Duke Energy CEO, shareholders to meet in uptown Charlotte

Published: May. 7, 2015 at 9:44 AM EDT|Updated: Jun. 6, 2015 at 10:27 AM EDT
Email This Link
Share on Pinterest
Share on LinkedIn

CHARLOTTE, NC (WBTV)

Duke Energy investors met Thursday morning in Uptown Charlotte for the company's annual shareholder meeting.

The fallout from last year's coal ash spill was a major topic of discussion. Investors were met with dozens of protestors outside the Duke Energy headquarters on Church Street.

Protesters were hoping to turn the ears of shareholders and Duke executives about two issues; Coal ash and solar power. Some very tense moments as CEO Lynn Good heard passionate and heated comments from shareholders.


"It's atrocious that Duke Energy is poisoning our communities with their toxic coal ash. Just this week we've learned of new people who aren't able to drink their water from their wells because of Duke's pollution,” said Monica Embrey of Greenpeace.

Duke Energy's media relations director had this to say about the coal ash concerns.

“We've offered to supply drinking water for those who are concerned if there is shown a tie to our coal ash ponds which so far we don't think has been proven. But if there is a tie later on in the coming months as testing continues, we'll certainly take steps to address that.”

Inside the meeting, Duke's CEO Lynn Good talked about the progress they've made in coal ash management. Good says the company has formed a national panel of experts to determine the best and safest ways to safely remove and store the ash. As Good was speaking, 8 activists stood up and put a brief stop to the meeting but chanting, "Stop blocking rooftop solar".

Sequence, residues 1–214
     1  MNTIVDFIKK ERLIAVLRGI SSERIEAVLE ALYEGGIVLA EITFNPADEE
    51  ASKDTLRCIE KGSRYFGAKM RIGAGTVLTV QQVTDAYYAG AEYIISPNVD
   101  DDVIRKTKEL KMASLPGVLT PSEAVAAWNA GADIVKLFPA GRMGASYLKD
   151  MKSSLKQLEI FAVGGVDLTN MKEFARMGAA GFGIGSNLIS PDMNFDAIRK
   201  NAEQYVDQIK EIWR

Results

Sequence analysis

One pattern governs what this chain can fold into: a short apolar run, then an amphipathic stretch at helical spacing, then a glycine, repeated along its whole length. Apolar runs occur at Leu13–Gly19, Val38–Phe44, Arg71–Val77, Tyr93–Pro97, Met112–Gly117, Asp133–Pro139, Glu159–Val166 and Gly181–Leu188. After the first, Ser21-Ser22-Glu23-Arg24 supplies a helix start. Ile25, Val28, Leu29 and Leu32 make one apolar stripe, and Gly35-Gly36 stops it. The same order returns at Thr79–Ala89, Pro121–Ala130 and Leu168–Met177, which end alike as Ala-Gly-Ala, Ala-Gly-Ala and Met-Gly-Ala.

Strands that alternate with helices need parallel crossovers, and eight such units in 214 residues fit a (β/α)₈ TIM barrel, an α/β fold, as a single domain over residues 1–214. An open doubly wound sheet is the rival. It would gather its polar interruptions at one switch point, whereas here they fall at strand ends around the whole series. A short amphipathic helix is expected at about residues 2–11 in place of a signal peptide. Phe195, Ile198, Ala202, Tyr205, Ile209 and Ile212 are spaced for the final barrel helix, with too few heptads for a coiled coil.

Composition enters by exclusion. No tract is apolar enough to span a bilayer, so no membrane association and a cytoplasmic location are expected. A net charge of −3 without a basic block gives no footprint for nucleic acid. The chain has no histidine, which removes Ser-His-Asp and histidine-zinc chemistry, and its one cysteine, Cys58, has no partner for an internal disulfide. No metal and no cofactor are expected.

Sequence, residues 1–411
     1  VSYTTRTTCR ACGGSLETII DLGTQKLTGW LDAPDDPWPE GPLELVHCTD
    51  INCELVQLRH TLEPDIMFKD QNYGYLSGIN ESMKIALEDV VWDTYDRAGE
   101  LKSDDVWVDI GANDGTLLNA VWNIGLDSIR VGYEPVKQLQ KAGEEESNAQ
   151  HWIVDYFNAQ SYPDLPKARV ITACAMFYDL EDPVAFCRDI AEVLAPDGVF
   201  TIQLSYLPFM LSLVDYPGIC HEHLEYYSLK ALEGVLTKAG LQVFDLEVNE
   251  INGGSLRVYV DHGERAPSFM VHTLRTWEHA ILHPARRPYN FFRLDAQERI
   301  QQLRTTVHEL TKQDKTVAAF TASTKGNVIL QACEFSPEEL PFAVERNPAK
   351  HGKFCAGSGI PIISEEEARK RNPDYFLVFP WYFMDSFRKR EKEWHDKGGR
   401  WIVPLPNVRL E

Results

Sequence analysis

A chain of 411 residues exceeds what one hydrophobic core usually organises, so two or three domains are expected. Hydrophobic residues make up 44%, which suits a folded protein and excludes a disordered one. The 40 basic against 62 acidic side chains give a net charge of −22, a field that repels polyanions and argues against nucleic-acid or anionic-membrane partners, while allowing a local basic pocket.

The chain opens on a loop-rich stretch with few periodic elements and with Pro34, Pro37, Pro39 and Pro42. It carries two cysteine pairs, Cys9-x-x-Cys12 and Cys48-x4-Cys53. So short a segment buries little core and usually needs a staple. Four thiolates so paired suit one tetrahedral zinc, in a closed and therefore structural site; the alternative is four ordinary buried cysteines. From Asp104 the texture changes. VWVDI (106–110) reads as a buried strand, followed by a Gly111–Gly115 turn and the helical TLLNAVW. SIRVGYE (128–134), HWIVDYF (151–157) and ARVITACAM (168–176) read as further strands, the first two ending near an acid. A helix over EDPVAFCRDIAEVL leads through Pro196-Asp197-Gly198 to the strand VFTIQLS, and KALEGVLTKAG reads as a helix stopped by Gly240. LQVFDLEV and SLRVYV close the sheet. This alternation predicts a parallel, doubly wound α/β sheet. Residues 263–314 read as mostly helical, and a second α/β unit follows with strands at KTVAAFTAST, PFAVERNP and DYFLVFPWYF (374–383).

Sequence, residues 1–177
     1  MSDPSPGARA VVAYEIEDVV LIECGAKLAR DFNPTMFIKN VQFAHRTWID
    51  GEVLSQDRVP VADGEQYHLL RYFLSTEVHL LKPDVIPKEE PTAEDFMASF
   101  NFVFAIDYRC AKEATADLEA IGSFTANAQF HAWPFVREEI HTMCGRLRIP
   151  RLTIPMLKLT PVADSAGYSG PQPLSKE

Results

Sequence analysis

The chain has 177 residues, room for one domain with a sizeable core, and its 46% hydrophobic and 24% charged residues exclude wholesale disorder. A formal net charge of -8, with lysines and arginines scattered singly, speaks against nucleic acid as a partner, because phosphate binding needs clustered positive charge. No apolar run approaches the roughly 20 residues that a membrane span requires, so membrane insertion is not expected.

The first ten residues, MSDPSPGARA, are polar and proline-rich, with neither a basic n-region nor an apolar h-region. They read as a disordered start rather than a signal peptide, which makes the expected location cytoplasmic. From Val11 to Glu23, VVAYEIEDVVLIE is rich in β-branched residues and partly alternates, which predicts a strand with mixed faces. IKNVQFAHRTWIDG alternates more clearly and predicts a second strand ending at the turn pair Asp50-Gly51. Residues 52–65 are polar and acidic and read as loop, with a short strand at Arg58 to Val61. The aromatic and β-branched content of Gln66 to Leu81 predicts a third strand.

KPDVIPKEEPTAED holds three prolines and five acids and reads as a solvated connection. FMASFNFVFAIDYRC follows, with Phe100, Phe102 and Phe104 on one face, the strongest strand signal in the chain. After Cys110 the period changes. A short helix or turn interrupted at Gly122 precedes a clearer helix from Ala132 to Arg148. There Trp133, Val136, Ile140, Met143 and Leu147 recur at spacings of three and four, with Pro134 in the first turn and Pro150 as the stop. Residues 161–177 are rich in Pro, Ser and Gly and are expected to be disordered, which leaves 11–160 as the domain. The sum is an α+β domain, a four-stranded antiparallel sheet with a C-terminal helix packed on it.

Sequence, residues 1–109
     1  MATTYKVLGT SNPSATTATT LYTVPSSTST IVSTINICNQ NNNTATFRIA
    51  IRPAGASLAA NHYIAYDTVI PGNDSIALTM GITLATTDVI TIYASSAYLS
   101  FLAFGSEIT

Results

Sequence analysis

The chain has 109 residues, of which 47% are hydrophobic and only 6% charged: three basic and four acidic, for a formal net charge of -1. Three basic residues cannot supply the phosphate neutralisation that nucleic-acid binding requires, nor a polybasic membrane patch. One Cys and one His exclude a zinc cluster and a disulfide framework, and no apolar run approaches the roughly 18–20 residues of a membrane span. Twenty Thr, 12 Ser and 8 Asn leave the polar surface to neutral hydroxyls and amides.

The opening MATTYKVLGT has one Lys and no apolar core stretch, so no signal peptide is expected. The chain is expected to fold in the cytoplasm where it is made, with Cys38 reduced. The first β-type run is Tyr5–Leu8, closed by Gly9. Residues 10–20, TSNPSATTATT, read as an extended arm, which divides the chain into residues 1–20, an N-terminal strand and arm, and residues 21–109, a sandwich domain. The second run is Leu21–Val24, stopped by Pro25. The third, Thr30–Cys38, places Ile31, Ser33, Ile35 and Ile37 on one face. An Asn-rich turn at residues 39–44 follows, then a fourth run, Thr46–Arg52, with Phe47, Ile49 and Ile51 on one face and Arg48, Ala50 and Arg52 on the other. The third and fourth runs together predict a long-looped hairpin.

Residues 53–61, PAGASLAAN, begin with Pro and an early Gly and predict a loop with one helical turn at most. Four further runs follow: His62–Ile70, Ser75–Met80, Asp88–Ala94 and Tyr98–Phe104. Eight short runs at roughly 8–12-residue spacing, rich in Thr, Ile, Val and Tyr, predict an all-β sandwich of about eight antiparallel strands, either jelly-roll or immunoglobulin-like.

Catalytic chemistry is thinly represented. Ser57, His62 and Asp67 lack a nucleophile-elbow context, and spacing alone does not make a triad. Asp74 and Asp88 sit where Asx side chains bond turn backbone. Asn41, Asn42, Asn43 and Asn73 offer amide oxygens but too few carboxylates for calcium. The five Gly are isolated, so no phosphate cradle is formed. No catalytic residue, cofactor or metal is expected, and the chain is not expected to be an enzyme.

Activists say Duke Energy has tried to block state legislation that would make solar energy available to mainstream customers in the Carolina's. During the question  and answer session, 8 year old Abbie Driscoll stole the show by asking Lynn Good to stop using coal facilities and focus on solar.

After the meeting, Driscoll explained her statement to Good, "I heard from my mom that solar is really important that when I have children and my children have children the world  might not be the same, so I would really like to fix it and work on it and do the things that we can do.”

Abbie said she was pleased with Lynn Good's response. Good said the company has invested 500 million dollars in solar energy in in the Carolina's with plans for more in the future.

The company is trying to resolve a lawsuit and finalize a $102 million settlement in a federal investigation. The company wants to settle charges that claim the company violated the Clean Water Act, following a coal ash spill that contaminated the Dan River in 2014.

Copyright 2015 WBTV. All rights reserved.